What is sustainable digitalisation?
Sustainable IT seeks to be conscious of IT's environmental impact and adopt a strategy of continuous improvement to reduce the environmental and social impact of digital technology.
Following a sustainable IT path presents a real opportunity for businesses, and they don't need to give up any of the advances offered to them by IT.
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Committing to a sustainable IT strategy means committing to:
- Optimising digital tools in order to limit their impact and usage.
- Developing service offers that are inclusive, sustainable, and accessible to all.
- Championing ethical and sustainable digital practices.
- Making digital technology measurable, transparent, and understandable.
- Encouraging the creation of new behaviours and values.
By signing the sustainable IT charter, a company can show their willingness to take up or keep working on a range of measures to reduce their environmental and social impact.
Why adopt a sustainable IT strategy?
To reduce your environmental impact
The environmental impact of the IT sector is sizeable. It's responsible for around 4% of global greenhouse gas emissions. That's more than civil aviation, and this figure continues to grow exponentially. It could even double in the next five years.
78% of the sector's environmental impact comes from producing IT equipment, mostly because it requires a large number of natural resources. A smartphone is made of an estimated 50 to 60 different metals. Extracting these metals is an additional source of pollution, too. 800 kilos of natural resources need to be extracted to make a 2 kilo laptop, along with 1.5 tonnes of water, 240 kilos of fossil fuels, and 22 kilos of chemical products. Once IT equipment is created, its use alone represents 21% of the sector's environmental impact, consuming 10% of European use-phase electricity.
But with a few simple steps, the environmental impact can be effectively reduced. According to the Shift Project, increasing the lifespan of a laptop by 3 to 5 years would reduce the impact of its greenhouse gas emissions by 37%. Simply taking measures to reduce how frequently devices are replaced is one way companies could make a large difference. Staff could adopt new use habits, such as turning off their devices rather than leaving them on standby, as well as simply looking after it properly and making sure it's kept in good working order, to make sure it works as well as it can.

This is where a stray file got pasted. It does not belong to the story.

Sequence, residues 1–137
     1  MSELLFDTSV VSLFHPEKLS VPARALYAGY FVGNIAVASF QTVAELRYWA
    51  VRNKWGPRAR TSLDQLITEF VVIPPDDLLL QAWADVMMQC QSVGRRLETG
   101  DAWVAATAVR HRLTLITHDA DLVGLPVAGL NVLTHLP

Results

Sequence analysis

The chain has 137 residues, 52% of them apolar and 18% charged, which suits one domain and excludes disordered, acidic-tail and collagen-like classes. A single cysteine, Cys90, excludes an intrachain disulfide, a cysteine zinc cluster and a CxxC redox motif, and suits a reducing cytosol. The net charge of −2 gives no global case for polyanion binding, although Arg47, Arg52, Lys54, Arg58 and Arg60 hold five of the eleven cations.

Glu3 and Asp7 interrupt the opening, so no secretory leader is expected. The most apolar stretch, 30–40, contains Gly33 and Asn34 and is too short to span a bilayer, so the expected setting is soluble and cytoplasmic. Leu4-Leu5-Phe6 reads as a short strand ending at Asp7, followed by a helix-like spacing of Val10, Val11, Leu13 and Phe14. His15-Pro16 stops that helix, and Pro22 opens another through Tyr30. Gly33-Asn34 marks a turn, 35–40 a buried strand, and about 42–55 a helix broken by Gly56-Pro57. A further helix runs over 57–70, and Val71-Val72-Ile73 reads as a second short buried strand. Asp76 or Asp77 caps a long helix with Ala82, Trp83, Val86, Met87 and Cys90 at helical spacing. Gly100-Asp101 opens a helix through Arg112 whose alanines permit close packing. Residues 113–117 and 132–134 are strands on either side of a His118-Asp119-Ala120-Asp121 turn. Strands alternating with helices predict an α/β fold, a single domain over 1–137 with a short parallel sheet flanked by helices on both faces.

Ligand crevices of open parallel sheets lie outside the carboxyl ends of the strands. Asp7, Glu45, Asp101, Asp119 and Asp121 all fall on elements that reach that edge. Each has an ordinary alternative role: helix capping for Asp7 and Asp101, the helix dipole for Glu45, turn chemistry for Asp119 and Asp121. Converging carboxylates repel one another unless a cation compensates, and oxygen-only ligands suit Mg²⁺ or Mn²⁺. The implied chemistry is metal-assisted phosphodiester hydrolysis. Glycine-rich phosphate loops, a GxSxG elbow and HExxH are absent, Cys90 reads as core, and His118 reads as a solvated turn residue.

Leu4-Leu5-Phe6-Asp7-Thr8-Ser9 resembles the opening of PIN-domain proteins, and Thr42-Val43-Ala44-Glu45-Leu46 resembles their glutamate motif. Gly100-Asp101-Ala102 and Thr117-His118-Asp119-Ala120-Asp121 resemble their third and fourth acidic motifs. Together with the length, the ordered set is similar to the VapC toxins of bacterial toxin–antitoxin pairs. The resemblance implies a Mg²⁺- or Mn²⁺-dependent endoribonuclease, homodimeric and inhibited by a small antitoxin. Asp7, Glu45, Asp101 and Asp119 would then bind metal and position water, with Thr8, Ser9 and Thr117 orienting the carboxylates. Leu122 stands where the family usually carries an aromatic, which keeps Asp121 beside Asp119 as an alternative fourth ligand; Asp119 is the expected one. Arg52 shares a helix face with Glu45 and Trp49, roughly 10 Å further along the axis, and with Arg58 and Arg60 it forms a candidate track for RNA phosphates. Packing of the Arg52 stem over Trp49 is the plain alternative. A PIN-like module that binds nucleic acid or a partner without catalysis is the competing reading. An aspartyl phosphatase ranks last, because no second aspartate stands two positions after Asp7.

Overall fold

To stay ahead of the regulatory framework
Today's competitive advantages will be tomorrow's requirements. The European regulatory framework has already begun moving towards a decarbonised economy, through plans such as the European Green Deal or Fit for 55. Currently, a number of regulations have either already been developed, or are in the process of being developed, to help control the environmental impact of IT. Adopting a sustainable IT approach today means you're gaining a valuable competitive edge. You'll avoid having to adapt the entire system you already have in place later down the line, as well as all the costs and different service providers it would require.
A company's access to public funding is more and more dependent on their adherence to sustainable IT principles. In the Brussels Capital Region, having a sustainable IT strategy has become a sine qua non condition for applying for certain calls for tender (notably IT and Transition projects).
To lower your costs
There are financial advantages, too: by adopting a sustainable IT strategy, you can optimise your costs. If you properly assess what your company needs, either to properly function or when designing a new product or service, you'll develop targeted solutions and eliminate any unnecessary features.
An eco-friendly product and service design approach would also allow you to simplify your production and maintenance, eventually improving your sustainability and considerably reducing your upkeep costs. Plus, on the hardware front, extending the lifespan of your equipment or using repackaged equipment can be a great source of savings.